The bilingual dilemma and links in the status bar: Meditations on the .jp with Joe Tomei

JtomeiWhen I have taught computer literacy courses to students, I like to challenge them to find what movies are playing in town while I find out what is playing in a similar sized city in the US and see who can get there first. Invariably, I finish way before other students.

Even with Japanese who are more familiar with search engines, the process of searching for often basic information in Japan can be torturous. One theory that I have heard is that because the internet infrastructure was set up by businesses in Japan, as opposed to universities in the states, the basic ethos is less making information available and more creating organized and walled off sites.

Though things are slowly improving, it can often be incredibly frustrating finding simple information. Many sites are ‘portal’ sites, which require you enter and register. A further problem is that many Japanese organizations often make their websites and then fail to update them; or if they do update things, they are in the form of Javascript pop-ups that are not searchable. A further problem is that the English side of a lot of websites often fails to mirror the Japanese information.

This was brought home to me when I wanted to double-check an address of a junior high school. I wasn’t sure of the kanji for the school, so I plugged in the romaji name and the city and in the search results, and there was an English search result from a website that looked interesting, www.gaccom.jp. (here is a link to the gaccom page for the JHS attached to my university)

Unfortunately, what could be a very useful site is, upon investigating more closely, a truly disheartening experience. Going back to the Japanese top page, there is no way to get to the English side of the site. Search functionality is limited, and the only way to get to the English information of a particular school is to manually enter ‘en’ within the url, so that the Japanese page <http://www.gaccom.jp/schools-35585.html> becomes <http://www.gaccom.jp/en/schools-35585.html>. While not listed for my school, if you click on the ‘school info’ tab, you get data about the student body, number of classes, number of students in the class. If you go to the link to the Japanese data, you get a lot more information.

Still, it underlines a recurring problem with dealing with the internet in Japan, in that the English information is really only there as a decoration. The site, founded in 2010(!) by Hideo Akabayashi, a Professor of Economics at Keio University, says:

Gaccom is the first comprehensive school information portal site in Japan aimed at international audience. The information covered includes current enrollment, classes, class size by grade, max class size, availability of classes for students with special needs, attendance zones, school lunch, IT environment, textbooks, seismic retrofit of buildings, and more! Some information is limited only to Japanese, but we are expanding information offered in English. The school information provided in Gaccom is based on official resources.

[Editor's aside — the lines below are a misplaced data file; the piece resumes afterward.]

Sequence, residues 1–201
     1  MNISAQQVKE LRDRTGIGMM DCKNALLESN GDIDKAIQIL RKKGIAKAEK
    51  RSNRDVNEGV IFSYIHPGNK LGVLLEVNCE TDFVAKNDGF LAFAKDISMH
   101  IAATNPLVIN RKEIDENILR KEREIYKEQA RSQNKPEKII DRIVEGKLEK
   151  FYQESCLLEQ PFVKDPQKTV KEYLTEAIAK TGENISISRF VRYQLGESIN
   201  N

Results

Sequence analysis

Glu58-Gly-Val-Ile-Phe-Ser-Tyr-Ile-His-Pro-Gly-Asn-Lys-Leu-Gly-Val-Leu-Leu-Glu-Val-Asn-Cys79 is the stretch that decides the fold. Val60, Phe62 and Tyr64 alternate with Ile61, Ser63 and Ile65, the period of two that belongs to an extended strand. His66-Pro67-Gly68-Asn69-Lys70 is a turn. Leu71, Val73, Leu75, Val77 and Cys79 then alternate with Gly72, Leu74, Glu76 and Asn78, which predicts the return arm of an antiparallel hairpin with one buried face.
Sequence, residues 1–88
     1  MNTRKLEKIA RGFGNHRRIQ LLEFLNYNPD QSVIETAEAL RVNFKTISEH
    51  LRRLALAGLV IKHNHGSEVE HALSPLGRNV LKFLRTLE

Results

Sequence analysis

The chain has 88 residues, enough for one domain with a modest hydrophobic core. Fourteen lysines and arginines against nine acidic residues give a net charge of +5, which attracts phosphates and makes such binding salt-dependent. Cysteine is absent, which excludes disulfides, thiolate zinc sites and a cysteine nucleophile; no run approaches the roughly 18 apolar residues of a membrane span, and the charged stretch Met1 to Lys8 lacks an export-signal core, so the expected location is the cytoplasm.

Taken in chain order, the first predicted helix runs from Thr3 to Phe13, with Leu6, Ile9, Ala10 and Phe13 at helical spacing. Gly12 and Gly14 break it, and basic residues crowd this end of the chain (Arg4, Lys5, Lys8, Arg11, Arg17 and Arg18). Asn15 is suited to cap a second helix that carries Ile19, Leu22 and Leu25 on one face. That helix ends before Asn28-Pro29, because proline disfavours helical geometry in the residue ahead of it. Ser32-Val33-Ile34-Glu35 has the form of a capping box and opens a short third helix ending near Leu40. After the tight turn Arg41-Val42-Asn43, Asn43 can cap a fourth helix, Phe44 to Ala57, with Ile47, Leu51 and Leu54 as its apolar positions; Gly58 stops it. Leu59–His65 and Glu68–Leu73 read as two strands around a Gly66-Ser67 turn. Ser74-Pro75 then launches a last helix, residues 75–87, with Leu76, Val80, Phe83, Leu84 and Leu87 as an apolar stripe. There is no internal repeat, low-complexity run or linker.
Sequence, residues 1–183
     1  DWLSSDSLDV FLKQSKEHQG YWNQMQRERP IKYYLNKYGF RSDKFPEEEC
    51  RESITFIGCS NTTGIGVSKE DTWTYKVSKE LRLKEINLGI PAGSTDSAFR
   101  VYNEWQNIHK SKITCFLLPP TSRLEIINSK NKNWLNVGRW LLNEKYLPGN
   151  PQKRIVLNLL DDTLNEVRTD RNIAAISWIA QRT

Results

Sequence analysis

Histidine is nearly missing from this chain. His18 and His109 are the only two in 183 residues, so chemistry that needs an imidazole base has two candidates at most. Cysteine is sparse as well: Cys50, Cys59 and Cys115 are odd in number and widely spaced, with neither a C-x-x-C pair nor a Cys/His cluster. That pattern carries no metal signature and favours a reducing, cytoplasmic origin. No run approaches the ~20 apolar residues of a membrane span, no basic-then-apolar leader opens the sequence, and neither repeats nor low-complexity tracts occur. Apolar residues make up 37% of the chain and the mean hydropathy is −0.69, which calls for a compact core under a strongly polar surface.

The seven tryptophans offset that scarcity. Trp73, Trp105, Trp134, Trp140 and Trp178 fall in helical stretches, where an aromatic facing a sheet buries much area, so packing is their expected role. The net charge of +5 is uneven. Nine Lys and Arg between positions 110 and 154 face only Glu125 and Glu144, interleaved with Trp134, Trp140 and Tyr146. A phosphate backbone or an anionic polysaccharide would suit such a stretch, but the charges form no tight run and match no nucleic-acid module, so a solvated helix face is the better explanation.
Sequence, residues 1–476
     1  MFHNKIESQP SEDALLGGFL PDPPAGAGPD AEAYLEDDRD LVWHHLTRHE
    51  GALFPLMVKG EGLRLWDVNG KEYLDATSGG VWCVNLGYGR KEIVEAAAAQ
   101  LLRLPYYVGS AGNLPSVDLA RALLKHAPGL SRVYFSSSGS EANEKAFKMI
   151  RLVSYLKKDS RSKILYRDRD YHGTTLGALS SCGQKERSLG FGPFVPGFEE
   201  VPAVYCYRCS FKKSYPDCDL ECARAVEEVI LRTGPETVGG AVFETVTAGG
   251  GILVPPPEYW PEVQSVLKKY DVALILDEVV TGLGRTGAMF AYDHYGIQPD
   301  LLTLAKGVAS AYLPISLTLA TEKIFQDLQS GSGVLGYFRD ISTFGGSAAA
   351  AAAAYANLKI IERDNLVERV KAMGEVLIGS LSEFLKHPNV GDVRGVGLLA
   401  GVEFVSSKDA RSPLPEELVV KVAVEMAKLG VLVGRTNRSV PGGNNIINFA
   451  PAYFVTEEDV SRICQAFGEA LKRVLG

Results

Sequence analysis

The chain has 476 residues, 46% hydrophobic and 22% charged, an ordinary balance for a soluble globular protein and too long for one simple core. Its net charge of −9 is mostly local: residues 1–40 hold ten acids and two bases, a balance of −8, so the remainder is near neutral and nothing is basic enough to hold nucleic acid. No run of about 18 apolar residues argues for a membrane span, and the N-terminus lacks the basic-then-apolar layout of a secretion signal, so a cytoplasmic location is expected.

Some might argue that the site is designed for Japanese speaking parents to form school communities and discuss issues relating to particular schools, so one shouldn’t expect full service English. Still, what amazes me is that the site has created an entirely parallel English structure, with only minimal cross-links to the Japanese site and no way to reach the English site from the Japanese side. However, with just a little more effort, they could have made this into a really interesting resource. It seems that the only purpose to adding this English layer is to put the veneer of “internationalism” on it.

That inability to imagine a different audience is something that I wrestle with in teaching seminar and sotsuron (graduation thesis) students, but it is clear that this is really not just a student problem, but a problem baked into Japanese society.

What you can take away is taking a look at the urls themselves can often help you navigate sites in Japanese much more quickly than deciphering idiosyncratic Japanese naming of links, not to mention pale on white color schemes, microscopic kanji fonts and redone webpages where links are moved and you can’t find them.

Safari Status Bar
Safari Status Bar

To do this, set up your browser to show the url of the link in your status bar at the bottom of the browser when you hover over the link. For Safari, go to the ‘View’ menu, select ‘show status bar’, and a bottom-of-window bar will display a link when your cursor is over the link. For Chrome, the current version has the address appear in the bottom margin when you hover over the link. There are extensions for all browsers that either make the status bar available at all times or allow various tricks.

Being able to see where a link is taking you is really important to avoid phishing sites, but for the semi-lingual among us, looking at the urls for Japanese links to figure out if they are what you want can often save time and frustration because most links are the romaji versions of kanji content. And figuring out where to add ‘en’ or ‘eng’ to a url can often take you to a completely separate English site.

This takes us to the heart of dealing with things functionally, which is using whatever you have at hand, extracting any and all information and using it rather than confining yourself to doing things the ‘proper’ way. Some might sniff at not being able to read a particular kanji, but it’s that idea that there is only one path to the information that seems to hold the internet back here in Japan.

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